AbstractEl Niño–Southern Oscillation (ENSO) exerts an influence on the North Atlantic–European (NAE) region. However, this teleconnection is nonlinear and nonstationary owing to the superposition and interaction of a multitude of influences on this region. The stratosphere is one of the major players in terms of the influence of the ENSO signal on this sector. Nevertheless, there are tropospheric dynamical links between the North Pacific and the North Atlantic that are clearly influenced by ENSO. This tropospheric pathway of ENSO to the NAE has received less attention. In view of this, the present study revisits the tropospheric pathway of ENSO to the North Atlantic using ECMWF reanalysis products. Anomalous propagation of transient and quasi-stationary waves across North America is analyzed with respect to their sensitivity to ENSO. Transient (quasi-stationary zonal waves 1–3) wave activity flux (WAF) from the Pacific to the Atlantic increases during El Niño (La Niña) conditions leading to a negative (positive) phase of the North Atlantic Oscillation (NAO). This response is observed from January to March for El Niño and only visible during February for La Niña events. However, the stratosphere strongly modulates this response. For El Niño (La Niña) conditions a weaker (stronger) stratospheric vortex tends to reinforce the negative (positive) NAO with the stratosphere and troposphere working in tandem, contributing to a stronger and more persistent tropospheric circulation response. These findings may have consequences for the prediction of the NAO during times with an inactive stratosphere.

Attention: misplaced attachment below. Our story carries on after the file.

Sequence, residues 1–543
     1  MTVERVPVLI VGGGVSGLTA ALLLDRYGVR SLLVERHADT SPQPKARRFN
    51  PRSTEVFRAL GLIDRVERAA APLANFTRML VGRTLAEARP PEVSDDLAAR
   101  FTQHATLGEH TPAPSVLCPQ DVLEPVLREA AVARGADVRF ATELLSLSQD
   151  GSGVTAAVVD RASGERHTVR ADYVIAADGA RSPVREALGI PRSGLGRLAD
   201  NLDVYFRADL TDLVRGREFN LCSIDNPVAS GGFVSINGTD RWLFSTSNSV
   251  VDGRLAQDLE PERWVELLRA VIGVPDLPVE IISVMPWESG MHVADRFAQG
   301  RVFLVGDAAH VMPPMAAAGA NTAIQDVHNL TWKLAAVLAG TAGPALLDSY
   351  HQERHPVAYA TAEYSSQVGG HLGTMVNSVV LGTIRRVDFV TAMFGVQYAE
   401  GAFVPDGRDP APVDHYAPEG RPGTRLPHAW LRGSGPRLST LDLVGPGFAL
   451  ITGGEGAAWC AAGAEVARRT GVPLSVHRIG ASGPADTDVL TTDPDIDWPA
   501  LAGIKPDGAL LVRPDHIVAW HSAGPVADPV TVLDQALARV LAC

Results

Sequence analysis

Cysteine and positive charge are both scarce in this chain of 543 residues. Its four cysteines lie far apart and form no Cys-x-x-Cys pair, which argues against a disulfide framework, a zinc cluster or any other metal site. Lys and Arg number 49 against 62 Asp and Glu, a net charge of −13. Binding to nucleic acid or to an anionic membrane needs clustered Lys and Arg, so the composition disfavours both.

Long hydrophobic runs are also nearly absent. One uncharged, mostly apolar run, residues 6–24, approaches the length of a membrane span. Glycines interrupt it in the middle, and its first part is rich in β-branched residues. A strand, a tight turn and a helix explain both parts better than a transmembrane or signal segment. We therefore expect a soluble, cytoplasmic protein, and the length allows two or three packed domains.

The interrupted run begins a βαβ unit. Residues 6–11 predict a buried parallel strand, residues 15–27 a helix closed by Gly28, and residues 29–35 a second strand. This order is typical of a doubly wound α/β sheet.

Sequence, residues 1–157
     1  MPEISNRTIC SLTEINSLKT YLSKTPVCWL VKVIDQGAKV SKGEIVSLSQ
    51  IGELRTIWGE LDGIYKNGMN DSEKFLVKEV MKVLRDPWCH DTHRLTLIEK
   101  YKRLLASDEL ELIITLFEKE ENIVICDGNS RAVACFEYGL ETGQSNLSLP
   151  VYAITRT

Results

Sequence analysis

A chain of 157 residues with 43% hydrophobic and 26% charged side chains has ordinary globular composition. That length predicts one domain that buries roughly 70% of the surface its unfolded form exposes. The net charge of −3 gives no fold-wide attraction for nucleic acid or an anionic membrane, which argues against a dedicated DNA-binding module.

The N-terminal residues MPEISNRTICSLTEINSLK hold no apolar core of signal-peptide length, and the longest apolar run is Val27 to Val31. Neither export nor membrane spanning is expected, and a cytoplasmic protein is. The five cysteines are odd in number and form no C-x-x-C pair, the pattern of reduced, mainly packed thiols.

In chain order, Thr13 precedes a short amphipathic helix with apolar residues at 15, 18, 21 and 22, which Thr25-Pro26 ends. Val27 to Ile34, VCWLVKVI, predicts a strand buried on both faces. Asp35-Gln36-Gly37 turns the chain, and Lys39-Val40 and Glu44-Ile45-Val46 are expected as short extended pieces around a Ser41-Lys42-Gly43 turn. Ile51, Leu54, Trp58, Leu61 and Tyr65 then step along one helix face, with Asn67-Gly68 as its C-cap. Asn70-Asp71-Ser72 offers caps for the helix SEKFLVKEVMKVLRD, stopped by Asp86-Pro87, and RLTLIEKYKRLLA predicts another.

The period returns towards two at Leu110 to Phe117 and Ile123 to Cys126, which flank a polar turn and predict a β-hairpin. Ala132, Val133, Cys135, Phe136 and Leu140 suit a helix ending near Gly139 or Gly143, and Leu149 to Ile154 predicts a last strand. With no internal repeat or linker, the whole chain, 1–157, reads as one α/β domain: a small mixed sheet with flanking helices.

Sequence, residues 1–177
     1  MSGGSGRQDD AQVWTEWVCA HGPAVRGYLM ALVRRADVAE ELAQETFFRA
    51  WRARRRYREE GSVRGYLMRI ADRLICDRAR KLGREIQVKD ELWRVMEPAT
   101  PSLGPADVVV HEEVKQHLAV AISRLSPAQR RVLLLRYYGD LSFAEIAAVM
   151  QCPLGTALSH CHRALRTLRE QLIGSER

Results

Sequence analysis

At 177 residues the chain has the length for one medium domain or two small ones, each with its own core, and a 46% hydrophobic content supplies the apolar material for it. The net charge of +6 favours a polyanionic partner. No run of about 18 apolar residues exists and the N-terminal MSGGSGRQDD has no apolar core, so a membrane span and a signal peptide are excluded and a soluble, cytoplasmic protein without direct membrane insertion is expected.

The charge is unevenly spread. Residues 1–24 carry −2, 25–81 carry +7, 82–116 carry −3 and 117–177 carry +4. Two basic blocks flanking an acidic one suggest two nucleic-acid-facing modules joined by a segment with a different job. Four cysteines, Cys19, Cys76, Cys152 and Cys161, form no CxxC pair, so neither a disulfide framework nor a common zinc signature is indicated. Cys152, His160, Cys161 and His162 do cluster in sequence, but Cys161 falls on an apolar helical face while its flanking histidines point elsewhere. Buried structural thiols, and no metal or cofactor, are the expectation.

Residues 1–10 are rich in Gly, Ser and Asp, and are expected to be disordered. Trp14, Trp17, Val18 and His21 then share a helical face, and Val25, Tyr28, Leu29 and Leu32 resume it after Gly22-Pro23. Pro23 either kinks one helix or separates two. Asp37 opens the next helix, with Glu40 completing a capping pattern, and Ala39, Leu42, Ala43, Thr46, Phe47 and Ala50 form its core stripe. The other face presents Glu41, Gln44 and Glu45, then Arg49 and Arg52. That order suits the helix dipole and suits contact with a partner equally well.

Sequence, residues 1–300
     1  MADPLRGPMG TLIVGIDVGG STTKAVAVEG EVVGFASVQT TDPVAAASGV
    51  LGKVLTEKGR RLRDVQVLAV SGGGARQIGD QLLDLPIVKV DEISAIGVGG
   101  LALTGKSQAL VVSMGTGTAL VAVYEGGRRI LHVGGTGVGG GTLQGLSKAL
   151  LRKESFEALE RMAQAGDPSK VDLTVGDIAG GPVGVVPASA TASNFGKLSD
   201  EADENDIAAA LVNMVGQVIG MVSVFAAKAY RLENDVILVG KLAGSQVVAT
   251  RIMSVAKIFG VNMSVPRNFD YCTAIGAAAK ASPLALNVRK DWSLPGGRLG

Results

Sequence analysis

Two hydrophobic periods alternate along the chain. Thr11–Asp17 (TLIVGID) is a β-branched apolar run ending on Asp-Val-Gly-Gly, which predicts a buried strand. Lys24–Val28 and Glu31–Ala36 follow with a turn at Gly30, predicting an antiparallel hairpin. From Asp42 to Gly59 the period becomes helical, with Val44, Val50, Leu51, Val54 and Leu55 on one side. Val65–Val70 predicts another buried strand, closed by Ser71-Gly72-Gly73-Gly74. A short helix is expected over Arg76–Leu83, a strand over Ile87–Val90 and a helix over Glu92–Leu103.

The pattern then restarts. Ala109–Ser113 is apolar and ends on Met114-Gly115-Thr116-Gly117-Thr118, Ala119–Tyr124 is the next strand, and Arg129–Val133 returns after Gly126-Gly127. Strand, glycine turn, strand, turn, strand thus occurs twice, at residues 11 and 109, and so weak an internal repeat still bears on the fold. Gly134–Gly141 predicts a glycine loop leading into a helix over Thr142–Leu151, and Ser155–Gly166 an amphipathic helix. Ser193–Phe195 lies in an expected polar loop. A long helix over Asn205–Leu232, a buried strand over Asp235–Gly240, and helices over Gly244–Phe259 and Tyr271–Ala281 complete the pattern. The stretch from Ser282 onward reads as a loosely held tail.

Journal of Climate – American Meteorological Society
Published: Jun 20, 2018
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